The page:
The nuclear family was shattered, and single-parent families became far more frequent. For many of the parents who headed these families, that house with the white picket fence was not an option. They could only afford an apartment in a town or city, often in a building that had previously housed one family, but which had been converted into numerous apartments. The children from single parent families often miss out on healthy relationships with the non-custodial parent, and on the stability that half of their extended family might provide.

This is not intended to "point fingers" at single parents. Indeed, for several years, I was a single parent with two little boys. It is a difficult circumstance to be in. However, statistically, the children from single parent families are at increased risk of experiencing difficulties at home, in school, and in their communities.

One option our society has is to build more prisons for adults. And that requires that there be more youth facilities built as a sort of prep school for future prison inmates. It is a big business nation-wide.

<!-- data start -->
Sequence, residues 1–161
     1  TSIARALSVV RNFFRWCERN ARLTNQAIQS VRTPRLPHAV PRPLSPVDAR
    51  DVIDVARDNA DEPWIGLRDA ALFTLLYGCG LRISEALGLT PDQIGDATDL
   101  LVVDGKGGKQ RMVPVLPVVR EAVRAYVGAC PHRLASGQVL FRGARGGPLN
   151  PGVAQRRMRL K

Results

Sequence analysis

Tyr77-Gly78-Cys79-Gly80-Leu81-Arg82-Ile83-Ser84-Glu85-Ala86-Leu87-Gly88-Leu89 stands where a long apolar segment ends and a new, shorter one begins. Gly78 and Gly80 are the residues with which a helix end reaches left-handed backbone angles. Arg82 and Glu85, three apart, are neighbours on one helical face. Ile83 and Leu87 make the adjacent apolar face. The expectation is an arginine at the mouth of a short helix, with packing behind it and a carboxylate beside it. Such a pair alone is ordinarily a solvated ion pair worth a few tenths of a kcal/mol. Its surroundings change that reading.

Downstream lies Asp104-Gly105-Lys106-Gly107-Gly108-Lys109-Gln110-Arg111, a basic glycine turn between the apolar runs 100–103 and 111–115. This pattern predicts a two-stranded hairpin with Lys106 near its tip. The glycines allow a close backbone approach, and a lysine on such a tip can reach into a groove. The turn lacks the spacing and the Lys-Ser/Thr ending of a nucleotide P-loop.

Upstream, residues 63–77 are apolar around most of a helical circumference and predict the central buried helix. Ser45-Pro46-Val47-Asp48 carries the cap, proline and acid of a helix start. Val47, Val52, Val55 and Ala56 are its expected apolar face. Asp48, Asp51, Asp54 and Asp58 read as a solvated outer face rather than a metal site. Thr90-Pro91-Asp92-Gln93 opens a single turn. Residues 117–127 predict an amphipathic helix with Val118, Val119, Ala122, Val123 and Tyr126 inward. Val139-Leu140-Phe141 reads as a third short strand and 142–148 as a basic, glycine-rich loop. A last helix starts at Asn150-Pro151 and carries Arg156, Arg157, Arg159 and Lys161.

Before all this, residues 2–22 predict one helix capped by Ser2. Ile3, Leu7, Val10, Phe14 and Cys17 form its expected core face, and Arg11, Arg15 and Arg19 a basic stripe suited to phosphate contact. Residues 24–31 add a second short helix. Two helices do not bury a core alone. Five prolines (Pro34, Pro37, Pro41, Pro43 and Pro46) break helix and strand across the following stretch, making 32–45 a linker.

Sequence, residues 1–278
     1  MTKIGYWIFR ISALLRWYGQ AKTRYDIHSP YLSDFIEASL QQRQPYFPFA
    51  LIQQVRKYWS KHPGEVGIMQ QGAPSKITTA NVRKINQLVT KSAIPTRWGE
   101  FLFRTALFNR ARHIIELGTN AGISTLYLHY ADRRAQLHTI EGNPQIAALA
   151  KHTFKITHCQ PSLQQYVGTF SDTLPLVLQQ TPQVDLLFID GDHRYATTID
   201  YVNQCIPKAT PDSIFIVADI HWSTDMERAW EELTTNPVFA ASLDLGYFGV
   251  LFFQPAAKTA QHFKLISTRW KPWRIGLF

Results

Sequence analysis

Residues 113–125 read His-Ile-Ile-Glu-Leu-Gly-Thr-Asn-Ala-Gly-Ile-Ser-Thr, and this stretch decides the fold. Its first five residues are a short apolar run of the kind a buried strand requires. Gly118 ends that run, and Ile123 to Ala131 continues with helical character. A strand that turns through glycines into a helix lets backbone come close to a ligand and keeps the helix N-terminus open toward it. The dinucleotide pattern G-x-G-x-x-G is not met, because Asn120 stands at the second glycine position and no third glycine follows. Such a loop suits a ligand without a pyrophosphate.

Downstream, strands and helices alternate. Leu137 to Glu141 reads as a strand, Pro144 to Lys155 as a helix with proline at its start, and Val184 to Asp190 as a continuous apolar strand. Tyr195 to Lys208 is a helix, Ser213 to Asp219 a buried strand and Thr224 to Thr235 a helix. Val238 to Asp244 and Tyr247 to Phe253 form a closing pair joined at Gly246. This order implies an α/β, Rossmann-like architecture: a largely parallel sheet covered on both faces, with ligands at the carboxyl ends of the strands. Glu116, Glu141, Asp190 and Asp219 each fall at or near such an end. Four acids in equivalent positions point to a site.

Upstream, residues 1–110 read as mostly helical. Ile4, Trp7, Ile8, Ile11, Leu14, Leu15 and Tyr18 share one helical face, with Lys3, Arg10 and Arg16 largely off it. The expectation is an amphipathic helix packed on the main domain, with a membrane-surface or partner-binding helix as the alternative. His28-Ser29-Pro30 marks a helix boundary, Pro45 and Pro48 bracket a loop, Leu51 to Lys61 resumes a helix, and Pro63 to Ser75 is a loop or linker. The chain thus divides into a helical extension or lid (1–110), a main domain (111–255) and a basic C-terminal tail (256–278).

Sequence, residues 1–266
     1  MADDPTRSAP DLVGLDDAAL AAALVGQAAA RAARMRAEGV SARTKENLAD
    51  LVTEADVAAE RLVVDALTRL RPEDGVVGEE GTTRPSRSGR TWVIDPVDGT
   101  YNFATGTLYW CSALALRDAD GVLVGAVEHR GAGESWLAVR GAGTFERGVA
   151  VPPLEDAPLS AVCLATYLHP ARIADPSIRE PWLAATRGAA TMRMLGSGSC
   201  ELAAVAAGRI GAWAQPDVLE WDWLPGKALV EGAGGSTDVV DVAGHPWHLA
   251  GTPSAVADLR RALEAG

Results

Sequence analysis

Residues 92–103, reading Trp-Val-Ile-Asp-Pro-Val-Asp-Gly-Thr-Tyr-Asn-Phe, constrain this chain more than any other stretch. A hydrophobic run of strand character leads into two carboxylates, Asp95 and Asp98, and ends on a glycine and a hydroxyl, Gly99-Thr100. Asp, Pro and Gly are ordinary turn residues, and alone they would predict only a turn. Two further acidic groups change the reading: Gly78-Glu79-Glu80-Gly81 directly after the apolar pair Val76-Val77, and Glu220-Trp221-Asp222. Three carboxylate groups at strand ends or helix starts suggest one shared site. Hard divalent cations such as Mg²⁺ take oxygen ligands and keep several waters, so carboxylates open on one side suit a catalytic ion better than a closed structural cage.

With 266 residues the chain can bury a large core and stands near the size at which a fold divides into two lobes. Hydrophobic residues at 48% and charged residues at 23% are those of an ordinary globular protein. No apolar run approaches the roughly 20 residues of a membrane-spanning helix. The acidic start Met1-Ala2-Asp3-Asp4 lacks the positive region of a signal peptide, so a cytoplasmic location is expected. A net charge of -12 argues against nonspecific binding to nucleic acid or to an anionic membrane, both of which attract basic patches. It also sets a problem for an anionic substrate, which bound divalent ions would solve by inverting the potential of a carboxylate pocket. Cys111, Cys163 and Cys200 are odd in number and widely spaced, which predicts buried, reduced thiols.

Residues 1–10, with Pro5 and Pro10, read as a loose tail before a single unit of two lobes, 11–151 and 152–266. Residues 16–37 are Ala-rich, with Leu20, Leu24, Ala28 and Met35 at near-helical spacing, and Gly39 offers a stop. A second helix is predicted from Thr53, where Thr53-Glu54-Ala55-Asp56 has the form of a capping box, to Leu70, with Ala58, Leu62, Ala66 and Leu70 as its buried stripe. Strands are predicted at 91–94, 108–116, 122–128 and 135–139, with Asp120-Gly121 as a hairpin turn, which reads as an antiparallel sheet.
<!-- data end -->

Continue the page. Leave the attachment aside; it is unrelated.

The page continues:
Another option is to address the issues that are at the root of the problem. I am not suggesting that we do away with individual responsibility – quite the opposite, we need to not only hold "criminals" responsible for their action, we need to become a more responsible society.

One political party believes that we are our brother’s keeper. And I’m not talking about keeping your brother in behind bars. One political party recognizes that single parents need and deserve the support of their community when they try to raise their sons and daughters. One party believes that our society is enriched when it invests in education, and in providing each child with a quality education. It is the party that believes that it takes a village to raise a child.

The other party doesn’t share these extended family values. Too often, they are only concerned with the lives of their own children or grandchildren, and do not appreciate the connection to others in the larger community. And their leaders view other people’s children as mere cogs in the money-making machine. There are examples other than the institutions that house the hundreds of 12 to 18 year olds: each day, we hear about more American youth, ages 18 to 25, dying in Iraq in what can only be viewed as a republican business investment.

The 2008 elections will have consequences for every family in America. We do not have the option of going back in time – but we can learn from the past, and apply those lessons to our current conditions. I do not think that we can afford to continue down the path that we are on now. I am intent on doing my best to be sure that we elect the officials who can begin to institute real change, so that fewer kids get caught up in a penal system that capitalizes on man’s inhumanity to man.


Post a Comment

<< Home